But despite a little panic here and there, they were all taking it pretty well. Those carrots have another week to bounce back, but if they don’t–oh well. That’s gardening for you.

Good to know I’m not alone.

Posted by: Roxie

 

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It’s been quite a roller coaster ride, this spring. Freaky-warm temperatures in March and April, interspersed with a couple of late frost scares where we got down to the high 30s for overnight lows. And the it didn’t rain for weeks and weeks. And then it did.

As  a result of all this craziness, I’ve been putting off the last of the planting. The cucumbers, melons, squash and anything else that really hates the cold. All these things have stayed in their my box of seeds, waiting patiently.

But now that we’ve had a nice rain–over and inch last weekend–and it really looks like temperatures aren’t going to drop again, I’m feeling safer about getting these things in the ground. It is May, after all. Now I only need just enough dry weather so I don’t pack the soil into asphalt hardness by walking all over it. (But I will, if necessary. There have been years that we took off our shoes and just planted things in the mud, as if this was China and we were rice farmers.)

The good weather news comes from people who study the ocean. Scientists at the prediction center for NOAA (National Oceanic and Atmospheric Administration) say the oceans are transitioning from the La Nina pattern of cold water to a neutral pattern for the period from now through July. As a result, the seasonal outlook for the Kansas City area looks to be normal as well, in both temperature and precipitation. (Here’s the link. Just keep scrolling down through all the charts and graphs until you come to seasonal outlooks and summary.)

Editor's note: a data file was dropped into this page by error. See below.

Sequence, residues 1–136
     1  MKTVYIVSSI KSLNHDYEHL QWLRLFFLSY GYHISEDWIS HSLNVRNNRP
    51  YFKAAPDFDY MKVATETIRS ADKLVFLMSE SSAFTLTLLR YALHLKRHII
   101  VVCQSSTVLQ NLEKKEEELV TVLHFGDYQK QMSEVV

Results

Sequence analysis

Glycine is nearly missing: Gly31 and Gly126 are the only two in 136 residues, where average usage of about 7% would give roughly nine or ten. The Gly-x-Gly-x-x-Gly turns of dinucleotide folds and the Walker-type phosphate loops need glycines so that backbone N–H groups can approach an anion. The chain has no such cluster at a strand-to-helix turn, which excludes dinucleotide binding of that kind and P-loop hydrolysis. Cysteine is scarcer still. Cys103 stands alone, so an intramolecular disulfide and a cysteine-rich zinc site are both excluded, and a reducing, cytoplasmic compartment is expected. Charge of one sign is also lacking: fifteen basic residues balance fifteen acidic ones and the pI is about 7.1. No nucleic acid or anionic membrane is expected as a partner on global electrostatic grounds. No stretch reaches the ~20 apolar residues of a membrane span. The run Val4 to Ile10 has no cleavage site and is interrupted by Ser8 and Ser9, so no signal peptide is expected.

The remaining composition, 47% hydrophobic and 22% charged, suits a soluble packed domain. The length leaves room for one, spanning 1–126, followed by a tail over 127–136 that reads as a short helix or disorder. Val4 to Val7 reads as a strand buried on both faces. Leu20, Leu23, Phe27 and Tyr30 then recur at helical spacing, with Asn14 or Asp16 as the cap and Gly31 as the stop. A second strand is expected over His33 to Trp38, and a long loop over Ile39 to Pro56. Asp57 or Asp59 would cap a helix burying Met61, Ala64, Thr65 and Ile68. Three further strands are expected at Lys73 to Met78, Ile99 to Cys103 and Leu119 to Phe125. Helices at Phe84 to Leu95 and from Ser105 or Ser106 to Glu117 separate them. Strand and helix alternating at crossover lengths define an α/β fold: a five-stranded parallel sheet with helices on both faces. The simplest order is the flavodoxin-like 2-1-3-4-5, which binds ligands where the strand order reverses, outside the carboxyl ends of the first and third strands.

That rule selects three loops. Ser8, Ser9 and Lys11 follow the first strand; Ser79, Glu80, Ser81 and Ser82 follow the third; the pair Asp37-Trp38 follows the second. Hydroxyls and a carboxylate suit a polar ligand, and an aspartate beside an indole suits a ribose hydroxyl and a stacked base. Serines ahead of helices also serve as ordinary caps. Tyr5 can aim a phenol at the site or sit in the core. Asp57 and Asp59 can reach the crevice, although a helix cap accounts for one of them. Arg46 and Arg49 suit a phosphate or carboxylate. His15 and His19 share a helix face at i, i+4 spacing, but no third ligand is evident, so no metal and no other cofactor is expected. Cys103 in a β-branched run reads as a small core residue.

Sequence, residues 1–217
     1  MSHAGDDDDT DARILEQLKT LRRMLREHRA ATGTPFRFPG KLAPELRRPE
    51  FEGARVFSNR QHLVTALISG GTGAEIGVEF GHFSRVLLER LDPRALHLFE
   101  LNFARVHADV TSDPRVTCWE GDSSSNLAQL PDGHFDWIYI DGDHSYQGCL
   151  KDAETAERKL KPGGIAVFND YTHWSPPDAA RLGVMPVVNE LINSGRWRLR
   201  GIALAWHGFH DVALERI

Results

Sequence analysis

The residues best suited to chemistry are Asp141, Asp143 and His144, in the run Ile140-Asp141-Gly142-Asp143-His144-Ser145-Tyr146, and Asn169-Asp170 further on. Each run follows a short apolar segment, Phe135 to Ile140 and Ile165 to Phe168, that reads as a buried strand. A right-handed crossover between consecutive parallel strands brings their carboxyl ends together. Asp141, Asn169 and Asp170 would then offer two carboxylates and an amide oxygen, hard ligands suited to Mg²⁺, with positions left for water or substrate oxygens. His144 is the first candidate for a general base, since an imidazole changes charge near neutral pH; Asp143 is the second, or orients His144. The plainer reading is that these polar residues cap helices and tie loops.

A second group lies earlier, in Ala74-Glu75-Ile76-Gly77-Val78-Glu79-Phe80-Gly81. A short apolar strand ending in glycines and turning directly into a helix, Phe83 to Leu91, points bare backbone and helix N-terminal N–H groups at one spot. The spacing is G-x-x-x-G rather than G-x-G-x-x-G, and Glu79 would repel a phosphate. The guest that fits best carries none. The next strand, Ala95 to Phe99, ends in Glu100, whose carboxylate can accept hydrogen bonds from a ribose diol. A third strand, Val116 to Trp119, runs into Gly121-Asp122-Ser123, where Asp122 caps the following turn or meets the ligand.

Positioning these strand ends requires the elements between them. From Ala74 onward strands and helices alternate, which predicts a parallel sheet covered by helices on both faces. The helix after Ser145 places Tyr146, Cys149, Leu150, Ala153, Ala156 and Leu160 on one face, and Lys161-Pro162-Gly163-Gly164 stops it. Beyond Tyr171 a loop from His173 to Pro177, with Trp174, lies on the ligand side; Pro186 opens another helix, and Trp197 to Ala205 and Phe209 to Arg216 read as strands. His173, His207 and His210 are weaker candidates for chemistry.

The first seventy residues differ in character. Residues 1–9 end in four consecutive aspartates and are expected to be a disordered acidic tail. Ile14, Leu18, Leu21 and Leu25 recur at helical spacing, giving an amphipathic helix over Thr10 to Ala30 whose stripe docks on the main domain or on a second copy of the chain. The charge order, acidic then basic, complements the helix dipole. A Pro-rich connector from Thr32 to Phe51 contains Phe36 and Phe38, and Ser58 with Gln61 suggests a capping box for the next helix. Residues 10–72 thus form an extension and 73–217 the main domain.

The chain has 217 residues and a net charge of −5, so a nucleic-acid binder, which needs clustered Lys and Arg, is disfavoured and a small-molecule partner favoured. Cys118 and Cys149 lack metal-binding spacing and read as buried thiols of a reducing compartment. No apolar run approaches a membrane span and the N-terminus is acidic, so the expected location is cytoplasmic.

I don’t know about you, but I’d welcome a little normal right now, after the weird warm dry weather this past winter and spring. Plants and gardens like normal. We have a fighting chance with normal.

So it’s on out to get the hoe. As soon as the lightning stops.

While we delight in “normal” there are a couple of good things going on in the area.

*Food Not Lawns, Kansas City has started the fifth year of its Sweet Potato Project. The idea is to grow 20,000 pounds of sweet potatoes in public places and private gardens. Half of that would go to Harvesters, which provides food to the needy.

*Some of the gardens in this year’s K State master gardener tour will feather food crops interspersed with their beautiful landscaping. The tour is May 18 and 19, and tickets are $12 through the county extension office.

Posted by: Roxie